9. The organization and provision of health care in the community and in hospital, the identification of the need for it, and the economic, ethical and practical constraints within which it operates; and
  10. The ethical standards and legal responsibilities of the medical profession

Professional skills necessary to:

  1. Carry out appropriate clinical procedures, including the ability to:
    • Establish a proper relationship with patients, their relatives and colleagues.
    • Obtain and record a comprehensive patient history.
    • Perform a complete examination and use the findings to assess patient problems and formulate management plans.
    • Deal with common medical emergencies.
    • Counsel and educate patients so that they can make informed choices.
    • Work effectively with the health care team and consult with other colleagues.
    • Initiate proper treatment.
  2. Interpret laboratory-derived data effectively in the best interests of patients;
  3. Communicate with, and inform others accurately and concisely about disease process, management and prognosis.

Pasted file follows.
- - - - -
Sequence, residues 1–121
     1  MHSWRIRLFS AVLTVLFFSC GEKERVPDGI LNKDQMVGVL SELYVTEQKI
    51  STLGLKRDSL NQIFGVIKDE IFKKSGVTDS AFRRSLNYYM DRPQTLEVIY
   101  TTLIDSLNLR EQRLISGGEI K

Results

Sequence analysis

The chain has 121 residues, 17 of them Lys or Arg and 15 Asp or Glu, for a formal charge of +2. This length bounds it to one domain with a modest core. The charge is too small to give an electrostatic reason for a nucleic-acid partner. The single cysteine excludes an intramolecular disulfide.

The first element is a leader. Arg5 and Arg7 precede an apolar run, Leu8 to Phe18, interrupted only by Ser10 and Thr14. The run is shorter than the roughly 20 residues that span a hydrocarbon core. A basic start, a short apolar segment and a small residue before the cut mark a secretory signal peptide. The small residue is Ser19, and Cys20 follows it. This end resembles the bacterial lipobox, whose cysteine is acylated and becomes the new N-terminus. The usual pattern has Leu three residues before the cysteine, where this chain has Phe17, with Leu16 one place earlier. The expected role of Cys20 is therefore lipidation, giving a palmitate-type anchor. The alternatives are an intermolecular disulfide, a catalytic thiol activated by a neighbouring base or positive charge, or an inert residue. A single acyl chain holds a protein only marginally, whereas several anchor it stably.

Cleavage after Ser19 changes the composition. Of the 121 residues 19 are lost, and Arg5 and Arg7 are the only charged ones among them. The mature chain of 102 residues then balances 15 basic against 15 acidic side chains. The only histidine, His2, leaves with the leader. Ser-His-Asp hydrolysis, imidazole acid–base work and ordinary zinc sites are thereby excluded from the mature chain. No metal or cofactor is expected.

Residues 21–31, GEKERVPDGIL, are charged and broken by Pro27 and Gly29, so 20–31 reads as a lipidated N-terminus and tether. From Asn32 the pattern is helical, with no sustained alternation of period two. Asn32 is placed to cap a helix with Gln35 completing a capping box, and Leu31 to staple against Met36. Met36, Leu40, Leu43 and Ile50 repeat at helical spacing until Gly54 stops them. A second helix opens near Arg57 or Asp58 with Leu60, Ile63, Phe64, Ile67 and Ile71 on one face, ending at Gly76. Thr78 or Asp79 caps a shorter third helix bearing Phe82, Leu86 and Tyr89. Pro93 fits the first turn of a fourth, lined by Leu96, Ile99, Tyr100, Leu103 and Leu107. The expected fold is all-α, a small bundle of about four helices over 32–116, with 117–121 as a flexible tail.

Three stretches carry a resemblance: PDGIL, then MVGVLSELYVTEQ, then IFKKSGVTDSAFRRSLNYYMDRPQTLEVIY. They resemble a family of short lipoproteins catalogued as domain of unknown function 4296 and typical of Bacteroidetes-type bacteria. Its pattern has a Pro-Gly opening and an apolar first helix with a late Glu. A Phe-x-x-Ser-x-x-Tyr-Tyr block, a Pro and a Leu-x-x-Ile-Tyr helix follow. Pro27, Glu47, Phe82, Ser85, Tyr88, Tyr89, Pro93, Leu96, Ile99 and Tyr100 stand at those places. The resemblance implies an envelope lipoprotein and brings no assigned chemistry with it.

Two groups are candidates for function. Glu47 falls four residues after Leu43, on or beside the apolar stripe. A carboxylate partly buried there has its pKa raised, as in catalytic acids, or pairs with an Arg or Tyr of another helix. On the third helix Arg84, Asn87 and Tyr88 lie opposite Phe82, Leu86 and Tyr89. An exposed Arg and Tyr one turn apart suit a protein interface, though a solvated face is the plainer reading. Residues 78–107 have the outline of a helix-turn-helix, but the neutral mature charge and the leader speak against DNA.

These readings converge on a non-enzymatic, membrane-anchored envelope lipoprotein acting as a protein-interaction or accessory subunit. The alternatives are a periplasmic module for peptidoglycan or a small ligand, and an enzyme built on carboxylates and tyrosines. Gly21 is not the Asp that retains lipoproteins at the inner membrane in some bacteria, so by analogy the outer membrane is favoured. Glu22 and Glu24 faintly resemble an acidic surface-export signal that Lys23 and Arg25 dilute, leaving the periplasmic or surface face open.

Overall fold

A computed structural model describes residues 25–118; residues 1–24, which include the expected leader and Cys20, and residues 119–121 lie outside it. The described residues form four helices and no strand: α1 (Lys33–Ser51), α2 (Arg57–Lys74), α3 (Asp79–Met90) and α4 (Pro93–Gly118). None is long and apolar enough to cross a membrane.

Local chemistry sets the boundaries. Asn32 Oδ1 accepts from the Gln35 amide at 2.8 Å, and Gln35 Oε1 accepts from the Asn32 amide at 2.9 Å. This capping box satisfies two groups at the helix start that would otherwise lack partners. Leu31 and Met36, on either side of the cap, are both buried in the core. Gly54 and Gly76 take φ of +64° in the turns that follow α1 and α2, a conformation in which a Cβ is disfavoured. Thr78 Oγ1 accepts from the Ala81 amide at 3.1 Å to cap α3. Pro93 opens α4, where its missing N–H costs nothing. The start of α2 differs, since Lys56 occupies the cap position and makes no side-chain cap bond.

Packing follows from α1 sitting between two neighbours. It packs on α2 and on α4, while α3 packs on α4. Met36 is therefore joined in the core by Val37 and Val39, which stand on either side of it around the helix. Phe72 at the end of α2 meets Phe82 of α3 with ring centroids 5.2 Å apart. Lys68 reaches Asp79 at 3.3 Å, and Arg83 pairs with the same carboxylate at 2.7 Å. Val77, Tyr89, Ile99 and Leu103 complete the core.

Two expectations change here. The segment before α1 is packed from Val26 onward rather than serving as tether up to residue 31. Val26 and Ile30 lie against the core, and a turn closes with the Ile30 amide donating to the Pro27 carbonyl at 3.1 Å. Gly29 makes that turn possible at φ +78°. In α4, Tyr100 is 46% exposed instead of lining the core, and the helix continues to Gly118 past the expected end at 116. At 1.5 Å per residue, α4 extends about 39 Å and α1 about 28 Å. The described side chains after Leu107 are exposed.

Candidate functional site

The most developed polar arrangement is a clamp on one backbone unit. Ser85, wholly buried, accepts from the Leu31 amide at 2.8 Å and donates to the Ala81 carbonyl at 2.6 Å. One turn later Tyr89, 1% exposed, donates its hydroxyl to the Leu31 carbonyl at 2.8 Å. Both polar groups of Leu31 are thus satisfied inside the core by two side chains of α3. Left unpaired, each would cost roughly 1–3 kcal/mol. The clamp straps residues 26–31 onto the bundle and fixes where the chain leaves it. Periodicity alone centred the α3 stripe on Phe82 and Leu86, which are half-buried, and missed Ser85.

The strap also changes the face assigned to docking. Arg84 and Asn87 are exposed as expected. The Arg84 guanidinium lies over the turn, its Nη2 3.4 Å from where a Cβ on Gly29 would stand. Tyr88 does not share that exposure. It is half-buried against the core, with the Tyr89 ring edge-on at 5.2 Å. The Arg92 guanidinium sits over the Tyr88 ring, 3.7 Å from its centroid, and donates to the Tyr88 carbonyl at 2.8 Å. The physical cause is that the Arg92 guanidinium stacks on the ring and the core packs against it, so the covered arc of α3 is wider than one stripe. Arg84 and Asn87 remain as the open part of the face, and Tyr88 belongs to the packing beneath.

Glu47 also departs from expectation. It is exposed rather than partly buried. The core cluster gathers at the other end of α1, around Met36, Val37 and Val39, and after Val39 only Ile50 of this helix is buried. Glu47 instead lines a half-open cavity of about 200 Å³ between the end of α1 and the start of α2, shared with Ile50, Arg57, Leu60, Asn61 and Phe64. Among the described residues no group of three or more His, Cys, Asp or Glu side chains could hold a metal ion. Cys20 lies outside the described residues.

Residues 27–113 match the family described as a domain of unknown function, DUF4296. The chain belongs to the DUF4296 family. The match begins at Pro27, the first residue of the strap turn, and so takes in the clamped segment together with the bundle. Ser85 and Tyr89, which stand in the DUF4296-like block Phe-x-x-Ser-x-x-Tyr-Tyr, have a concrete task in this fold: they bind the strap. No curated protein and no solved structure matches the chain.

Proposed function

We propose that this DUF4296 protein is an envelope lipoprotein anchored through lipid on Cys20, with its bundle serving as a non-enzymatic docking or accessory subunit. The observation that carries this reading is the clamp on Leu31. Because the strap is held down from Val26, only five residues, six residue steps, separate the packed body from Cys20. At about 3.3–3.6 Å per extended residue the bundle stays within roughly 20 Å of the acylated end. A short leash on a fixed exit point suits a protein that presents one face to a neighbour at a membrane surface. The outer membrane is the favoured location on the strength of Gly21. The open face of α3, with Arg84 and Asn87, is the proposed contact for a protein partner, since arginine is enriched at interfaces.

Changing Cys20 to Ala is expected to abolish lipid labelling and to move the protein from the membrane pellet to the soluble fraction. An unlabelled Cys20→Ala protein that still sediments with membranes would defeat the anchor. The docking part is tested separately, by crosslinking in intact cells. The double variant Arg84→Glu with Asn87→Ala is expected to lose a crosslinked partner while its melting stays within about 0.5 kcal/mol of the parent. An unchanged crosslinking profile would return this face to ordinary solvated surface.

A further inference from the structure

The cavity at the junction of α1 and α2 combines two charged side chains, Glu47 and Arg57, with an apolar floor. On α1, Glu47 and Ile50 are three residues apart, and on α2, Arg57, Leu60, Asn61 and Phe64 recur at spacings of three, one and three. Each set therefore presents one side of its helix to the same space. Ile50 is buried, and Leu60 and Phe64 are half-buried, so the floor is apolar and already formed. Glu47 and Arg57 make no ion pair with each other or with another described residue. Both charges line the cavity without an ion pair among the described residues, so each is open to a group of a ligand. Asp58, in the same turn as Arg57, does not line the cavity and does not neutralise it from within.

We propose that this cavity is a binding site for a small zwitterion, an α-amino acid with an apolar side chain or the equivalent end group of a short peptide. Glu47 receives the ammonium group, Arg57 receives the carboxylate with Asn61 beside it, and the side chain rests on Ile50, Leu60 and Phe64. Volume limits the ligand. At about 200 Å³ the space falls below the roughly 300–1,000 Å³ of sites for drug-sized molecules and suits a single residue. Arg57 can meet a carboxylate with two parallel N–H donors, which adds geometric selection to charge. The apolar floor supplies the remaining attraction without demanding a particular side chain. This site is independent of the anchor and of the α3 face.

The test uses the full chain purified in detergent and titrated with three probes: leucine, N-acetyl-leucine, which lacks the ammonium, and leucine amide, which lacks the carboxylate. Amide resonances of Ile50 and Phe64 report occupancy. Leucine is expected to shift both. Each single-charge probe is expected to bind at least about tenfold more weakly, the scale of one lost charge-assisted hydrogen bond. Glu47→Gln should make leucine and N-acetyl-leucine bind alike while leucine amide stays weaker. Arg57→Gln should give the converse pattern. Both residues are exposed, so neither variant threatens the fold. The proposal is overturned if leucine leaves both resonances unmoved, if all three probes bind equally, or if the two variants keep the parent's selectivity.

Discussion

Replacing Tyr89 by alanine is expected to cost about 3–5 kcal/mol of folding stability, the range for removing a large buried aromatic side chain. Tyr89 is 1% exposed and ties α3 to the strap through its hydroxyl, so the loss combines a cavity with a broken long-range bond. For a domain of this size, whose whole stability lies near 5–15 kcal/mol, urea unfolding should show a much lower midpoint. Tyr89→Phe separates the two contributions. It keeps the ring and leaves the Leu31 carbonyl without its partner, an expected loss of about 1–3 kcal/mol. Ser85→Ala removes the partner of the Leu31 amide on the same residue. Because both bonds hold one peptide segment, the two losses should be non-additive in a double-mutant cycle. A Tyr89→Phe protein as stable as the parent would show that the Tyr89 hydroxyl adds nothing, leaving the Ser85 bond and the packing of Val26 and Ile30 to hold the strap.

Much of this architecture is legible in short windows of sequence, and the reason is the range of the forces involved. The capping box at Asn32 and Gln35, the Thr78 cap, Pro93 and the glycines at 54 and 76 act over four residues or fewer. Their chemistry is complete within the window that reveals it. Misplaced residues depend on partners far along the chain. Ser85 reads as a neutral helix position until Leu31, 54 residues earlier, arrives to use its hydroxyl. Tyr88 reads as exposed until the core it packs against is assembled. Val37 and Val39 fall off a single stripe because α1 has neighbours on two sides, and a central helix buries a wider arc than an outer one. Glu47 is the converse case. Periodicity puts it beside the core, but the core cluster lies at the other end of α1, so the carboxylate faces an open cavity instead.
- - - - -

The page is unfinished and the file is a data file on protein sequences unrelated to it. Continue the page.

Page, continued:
Attitudes essential to the practice of medicine, including:

  1. Respect for patients and colleagues that encompasses, without prejudice to, diversity of background, opportunity, language, culture and way of life;
  2. Respect of patients’ rights, particularly in regard to confidentiality and informed consent;
  3. Awareness of the ethical responsibilities involved in patient care;
  4. Awareness of the need to ensure provision of the highest possible quality of patient care;
  5. Application of evidence and scientific knowledge, to reach conclusions by logical deduction or by experiment, and to critically evaluate methods and standards of medical practice;
  6.  Identification of their own strengths and preferences for making appropriate career choices;
  7. Appreciation of the limitations of their own knowledge, skills and working environment in appropriate management of the patient and community; and
  8. Maintenance of good working relationships with members of the other health care professions.

Roles and Functions of the MBChB Programme

The candidates who graduate from the KCU MBChB programme shall be a;

  • Clinician, who understands and provides preventive, promotive, curative, palliative and holistic care with compassion.
    • Leader and member of the health care team and system with capacity to collect, analyze and synthesize health data.
    • Communicator with patients, families, colleagues and community.
    • Lifelong learner committed to continuous improvement of skills and knowledge.
    • Professional, who is committed to excellence, is ethical, responsive and accountable to patients, community, and profession.